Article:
Increased protection planned for savers

Plans to increase the protection available to consumers who lose money when a bank collapses were announced today.

The Chancellor Alistair Darling is calling for people who lose their savings to be paid compensation within a week, while the amount of money that is protected could be increased from £35,000 to £50,000.

But he stopped short of calling for the Financial Services Compensation Scheme (FSCS) to be pre-funded, instead saying it would have the power to borrow money from the public sector to enable it to pay savers quickly.

The banking industry had expressed concerns about earlier proposals to pre-fund the scheme, warning that this would divert vital capital away from banks at a time when they were already under pressure from the credit crunch.

But the Government decided to keep its options open, saying it would include powers in the legislation that would enable it to introduce a pre-funded element if this was thought to be appropriate in the future.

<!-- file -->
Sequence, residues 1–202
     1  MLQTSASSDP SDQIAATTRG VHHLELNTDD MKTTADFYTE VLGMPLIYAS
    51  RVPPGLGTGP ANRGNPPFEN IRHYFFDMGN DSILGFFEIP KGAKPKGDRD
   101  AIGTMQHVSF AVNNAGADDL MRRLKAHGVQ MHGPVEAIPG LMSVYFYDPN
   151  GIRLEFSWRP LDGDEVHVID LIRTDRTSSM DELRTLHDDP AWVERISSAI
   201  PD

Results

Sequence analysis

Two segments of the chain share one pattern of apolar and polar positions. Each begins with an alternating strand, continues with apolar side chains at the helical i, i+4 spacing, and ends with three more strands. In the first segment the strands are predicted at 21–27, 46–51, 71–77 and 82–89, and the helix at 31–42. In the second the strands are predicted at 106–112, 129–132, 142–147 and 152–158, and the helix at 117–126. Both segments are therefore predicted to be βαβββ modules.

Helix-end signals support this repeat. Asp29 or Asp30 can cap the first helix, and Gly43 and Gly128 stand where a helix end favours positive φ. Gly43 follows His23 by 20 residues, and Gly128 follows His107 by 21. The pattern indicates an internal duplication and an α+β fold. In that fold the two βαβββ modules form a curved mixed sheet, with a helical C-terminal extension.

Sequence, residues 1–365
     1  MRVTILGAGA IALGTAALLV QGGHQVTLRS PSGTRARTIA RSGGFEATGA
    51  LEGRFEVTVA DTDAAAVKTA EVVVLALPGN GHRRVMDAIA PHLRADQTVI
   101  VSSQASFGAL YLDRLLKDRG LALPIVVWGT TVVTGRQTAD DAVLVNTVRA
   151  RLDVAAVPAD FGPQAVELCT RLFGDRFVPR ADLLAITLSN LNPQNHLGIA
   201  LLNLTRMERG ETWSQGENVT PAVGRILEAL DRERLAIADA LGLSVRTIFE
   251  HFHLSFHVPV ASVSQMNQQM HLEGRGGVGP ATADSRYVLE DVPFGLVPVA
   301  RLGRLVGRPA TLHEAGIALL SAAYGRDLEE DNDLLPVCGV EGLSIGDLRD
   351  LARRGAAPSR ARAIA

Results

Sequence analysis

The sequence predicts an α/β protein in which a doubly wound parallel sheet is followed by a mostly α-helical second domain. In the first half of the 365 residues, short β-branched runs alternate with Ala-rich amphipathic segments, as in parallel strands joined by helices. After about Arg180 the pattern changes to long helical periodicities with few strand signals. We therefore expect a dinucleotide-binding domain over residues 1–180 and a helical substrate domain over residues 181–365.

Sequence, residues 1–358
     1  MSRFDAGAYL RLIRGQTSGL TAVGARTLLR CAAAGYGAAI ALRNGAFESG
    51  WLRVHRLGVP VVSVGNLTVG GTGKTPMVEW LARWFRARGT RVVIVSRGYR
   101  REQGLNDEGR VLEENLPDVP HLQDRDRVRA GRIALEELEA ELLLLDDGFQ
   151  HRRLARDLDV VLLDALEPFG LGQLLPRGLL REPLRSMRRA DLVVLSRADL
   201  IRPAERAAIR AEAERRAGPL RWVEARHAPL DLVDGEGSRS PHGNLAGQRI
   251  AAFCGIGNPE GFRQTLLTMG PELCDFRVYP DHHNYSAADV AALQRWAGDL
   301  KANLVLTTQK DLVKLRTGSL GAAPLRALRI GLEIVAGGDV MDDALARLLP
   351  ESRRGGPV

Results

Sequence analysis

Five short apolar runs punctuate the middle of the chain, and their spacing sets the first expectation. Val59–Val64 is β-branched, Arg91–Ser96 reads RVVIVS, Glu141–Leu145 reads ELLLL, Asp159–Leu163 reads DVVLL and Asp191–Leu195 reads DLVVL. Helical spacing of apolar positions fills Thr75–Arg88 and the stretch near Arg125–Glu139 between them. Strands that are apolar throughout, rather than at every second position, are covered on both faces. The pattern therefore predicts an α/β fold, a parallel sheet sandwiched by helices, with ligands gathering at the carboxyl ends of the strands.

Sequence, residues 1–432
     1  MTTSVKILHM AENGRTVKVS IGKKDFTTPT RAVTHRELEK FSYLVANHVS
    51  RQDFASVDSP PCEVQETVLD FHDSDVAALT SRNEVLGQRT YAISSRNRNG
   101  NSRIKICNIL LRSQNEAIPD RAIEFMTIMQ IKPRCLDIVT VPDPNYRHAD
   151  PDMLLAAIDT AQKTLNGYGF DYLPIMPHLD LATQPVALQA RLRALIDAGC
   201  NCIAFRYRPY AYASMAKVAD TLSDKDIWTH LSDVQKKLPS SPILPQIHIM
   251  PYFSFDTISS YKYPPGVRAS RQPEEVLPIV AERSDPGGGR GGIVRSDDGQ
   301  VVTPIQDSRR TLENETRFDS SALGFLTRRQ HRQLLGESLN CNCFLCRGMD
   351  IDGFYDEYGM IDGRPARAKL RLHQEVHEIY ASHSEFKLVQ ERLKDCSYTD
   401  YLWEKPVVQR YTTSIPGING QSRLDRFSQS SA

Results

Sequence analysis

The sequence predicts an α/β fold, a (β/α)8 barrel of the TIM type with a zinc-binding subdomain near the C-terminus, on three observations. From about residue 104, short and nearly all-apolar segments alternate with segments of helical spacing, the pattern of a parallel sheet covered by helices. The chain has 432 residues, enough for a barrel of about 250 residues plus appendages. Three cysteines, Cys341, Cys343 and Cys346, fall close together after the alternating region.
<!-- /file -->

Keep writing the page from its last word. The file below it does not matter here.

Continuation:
The proposals aim to increase confidence in the UK's banking system following the near-collapse of Northern Rock last year, which sparked the first run on a bank for 150 years.

The Government plans to introduce legislation on the issues this autumn, following a further period of consultation.

It said today that enabling people to have quick and ready access to their savings was "crucial" for them to be able to continue paying bills and carrying out everyday financial transactions.

Under the current system it typically takes around one month to process claims relating to relatively small firms that fail, while consumers who lose money held by bigger institutions can face waits of several months for compensation.